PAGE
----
By ANTHONY HADEN-GUEST with Mike Cockrill and Adam Dant April, 2020
I’m trying to remember the last time I hugged my daughter. I do remember what it was like to see her and to NOT hug her for the first time. It was about two weeks ago. She made it clear, though I didn’t really need to be told, when we greeted on the sidewalk in front of our apartment building that we would not hug. We would not touch each other at all but would stay several feet apart. The same with her mother who stood next to me chatting away. My daughter was not herself. She watched us the way a parent watches her child tottering towards the deeper section of a swimming pool for the first time without holding on. She wasn’t just looking at us — our 27 year old had shifted to guarding us, but unable to put a magic shield of protection around our bodies.
Her co-worker’s father was taken by Coronavirus last Friday. A man younger than myself. My daughter called me and broke down in tears on the phone in complete panic. I was not under any circumstances to continue going into grocery stores, no matter how briefly, no matter wearing latex gloves, no matter diligently washing hands. “I cannot lose you! I cannot have that!” Life wants life. Life eats life. Life protects life. Life holds on to life. I can park anywhere. I can drive over to my daughter’s building anytime and know there will be parking when I return. We can keep our distance on the sidewalk and still smile and talk. I can drive down to my studio in the Can Factory and avoid getting on any public transportation. I will see no one in my studio building. The town is alive and dead at the same time. We are in a liminal space. Moving about — frozen in place.
- Mike Cockrill, March 29, 2020
Mike Cockrill lives and works in Brooklyn. He has been mining the dark undercurrents of the American psyche from his 1980s cartoon paintings to his gun-toting clown-killing girls of the 1990s. His figurative sculptures were made in Sculpy, shown in 2012, and recently cast in bronze. They can be arranged in different tableaux. As in this now chillingly familiar scene here. WM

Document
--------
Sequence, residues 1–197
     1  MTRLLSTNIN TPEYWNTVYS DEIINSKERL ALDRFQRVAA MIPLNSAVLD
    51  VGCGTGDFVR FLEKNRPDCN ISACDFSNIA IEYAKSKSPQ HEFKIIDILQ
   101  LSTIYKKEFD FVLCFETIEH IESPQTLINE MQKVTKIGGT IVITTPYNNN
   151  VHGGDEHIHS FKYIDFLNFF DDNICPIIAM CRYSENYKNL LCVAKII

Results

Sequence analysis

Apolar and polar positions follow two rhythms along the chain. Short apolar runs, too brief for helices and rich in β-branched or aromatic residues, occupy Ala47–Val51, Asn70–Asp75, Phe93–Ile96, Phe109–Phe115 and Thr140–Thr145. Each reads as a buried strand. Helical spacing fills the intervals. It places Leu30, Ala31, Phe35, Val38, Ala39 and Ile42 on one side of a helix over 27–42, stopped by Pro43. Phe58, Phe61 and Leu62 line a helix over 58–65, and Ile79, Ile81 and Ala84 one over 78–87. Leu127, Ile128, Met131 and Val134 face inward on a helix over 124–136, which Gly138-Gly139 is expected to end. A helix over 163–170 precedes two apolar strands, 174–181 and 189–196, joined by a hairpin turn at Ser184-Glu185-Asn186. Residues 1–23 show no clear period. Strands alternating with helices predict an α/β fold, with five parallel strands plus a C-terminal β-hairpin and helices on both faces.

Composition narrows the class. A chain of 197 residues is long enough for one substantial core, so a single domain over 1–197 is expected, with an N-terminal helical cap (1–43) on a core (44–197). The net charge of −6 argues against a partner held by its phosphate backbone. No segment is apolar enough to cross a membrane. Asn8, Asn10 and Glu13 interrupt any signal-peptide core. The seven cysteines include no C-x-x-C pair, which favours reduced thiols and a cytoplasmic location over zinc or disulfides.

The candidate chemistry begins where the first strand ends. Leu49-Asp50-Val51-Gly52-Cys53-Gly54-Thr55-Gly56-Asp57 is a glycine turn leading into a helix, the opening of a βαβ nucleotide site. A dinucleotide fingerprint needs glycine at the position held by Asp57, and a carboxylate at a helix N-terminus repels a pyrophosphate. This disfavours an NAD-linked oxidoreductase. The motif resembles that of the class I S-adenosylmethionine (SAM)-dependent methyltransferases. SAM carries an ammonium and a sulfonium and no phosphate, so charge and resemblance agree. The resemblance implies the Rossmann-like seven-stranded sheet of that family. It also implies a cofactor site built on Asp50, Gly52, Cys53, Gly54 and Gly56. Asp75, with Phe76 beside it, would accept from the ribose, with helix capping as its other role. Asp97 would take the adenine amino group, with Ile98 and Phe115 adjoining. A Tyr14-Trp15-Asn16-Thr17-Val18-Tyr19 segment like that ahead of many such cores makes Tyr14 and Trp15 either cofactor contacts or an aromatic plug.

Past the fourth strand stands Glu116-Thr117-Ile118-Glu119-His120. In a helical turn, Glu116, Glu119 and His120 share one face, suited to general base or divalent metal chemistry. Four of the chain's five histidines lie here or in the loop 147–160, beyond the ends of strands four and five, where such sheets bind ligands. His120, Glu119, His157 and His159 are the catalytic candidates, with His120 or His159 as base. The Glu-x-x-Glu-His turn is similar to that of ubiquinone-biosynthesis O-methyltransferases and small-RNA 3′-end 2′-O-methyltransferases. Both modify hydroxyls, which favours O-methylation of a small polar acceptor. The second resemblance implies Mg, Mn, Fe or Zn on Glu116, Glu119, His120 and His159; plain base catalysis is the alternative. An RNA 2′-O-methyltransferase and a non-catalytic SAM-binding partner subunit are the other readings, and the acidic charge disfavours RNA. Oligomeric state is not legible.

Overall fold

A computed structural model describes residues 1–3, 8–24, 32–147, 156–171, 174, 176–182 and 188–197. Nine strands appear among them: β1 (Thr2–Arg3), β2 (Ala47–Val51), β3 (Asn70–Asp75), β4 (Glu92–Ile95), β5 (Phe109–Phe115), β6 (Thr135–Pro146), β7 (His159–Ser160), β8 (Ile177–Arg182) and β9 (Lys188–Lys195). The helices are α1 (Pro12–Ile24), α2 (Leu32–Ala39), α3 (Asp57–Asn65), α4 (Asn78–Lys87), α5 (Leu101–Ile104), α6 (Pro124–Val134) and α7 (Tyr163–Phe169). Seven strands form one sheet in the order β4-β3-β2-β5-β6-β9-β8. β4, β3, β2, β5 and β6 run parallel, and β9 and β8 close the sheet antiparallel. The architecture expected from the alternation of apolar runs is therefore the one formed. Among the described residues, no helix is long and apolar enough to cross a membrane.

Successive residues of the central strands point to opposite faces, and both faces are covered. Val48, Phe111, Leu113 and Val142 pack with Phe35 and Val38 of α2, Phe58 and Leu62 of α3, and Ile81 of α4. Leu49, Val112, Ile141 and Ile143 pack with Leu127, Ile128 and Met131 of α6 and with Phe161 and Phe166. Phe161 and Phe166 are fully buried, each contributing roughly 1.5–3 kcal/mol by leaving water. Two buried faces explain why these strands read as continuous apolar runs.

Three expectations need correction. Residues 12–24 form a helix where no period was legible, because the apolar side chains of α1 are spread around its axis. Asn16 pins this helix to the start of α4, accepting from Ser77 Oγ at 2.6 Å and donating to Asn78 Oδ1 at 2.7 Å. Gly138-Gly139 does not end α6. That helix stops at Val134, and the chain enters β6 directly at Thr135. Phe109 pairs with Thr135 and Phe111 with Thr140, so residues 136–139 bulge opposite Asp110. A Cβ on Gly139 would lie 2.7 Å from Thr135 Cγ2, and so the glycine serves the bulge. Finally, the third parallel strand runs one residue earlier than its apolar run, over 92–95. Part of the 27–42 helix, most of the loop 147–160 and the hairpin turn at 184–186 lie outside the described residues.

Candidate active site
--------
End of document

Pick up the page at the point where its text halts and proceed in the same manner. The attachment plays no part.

I’ve always thought that artists are in the business of creating problems where none existed before and solving them in unexpected ways. That’s why I love ‘The Rebus’, it embodies that idea in a stupidly literalist fashion both in its creation and its solution.
I used to make rebuses to give all the guests at my annual Xmas dinner another excuse to sit around thinking, laughing and drinking whilst holed up together in a tiny dining room.
Now we’re all holed up apart I’ve been making rebuses as some kind of proxy for all that fun, hoping that we’ll soon all be together again enjoying all the seemingly pointless puzzles that make life seem less puzzlingly pointless.
- Adam Dant
Adam Dant is a London-based British artist with work in the Tate Gallery, MoMA and numerous museums and collections. He is known for his ‘mockuments‘, drawings which detail the myths and social complications of London’s financial and historic center and he was chosen by parliament as ‘The Official artist of The 2015 UK General Election." WM
Anthony Haden-Guest (born 2 February 1937) is a British-American writer, reporter, cartoonist, art critic, poet, and socialite who lives in New York City and London. He is a frequent contributor to major magazines and has had several books published including TRUE COLORS: The Real Life of the Art World and The Last Party, Studio 54, Disco and the Culture of the Night.
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